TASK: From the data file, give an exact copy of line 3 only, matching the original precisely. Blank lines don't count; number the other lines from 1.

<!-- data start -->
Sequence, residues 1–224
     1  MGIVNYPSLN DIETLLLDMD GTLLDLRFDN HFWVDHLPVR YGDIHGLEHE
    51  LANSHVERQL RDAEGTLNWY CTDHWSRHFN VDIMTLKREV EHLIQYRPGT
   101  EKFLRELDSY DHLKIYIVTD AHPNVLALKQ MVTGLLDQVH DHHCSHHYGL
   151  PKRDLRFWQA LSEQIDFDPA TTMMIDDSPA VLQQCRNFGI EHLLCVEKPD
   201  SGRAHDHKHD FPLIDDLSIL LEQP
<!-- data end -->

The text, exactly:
    51  LANSHVERQL RDAEGTLNWY CTDHWSRHFN VDIMTLKREV EHLIQYRPGT